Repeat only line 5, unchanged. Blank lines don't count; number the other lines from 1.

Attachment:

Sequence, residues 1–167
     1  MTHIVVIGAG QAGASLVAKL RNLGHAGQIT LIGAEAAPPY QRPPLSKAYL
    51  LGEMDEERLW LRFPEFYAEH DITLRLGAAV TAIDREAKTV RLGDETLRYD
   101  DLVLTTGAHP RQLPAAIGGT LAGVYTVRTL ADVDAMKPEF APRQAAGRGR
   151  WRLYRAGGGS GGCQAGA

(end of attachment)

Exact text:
   151  WRLYRAGGGS GGCQAGA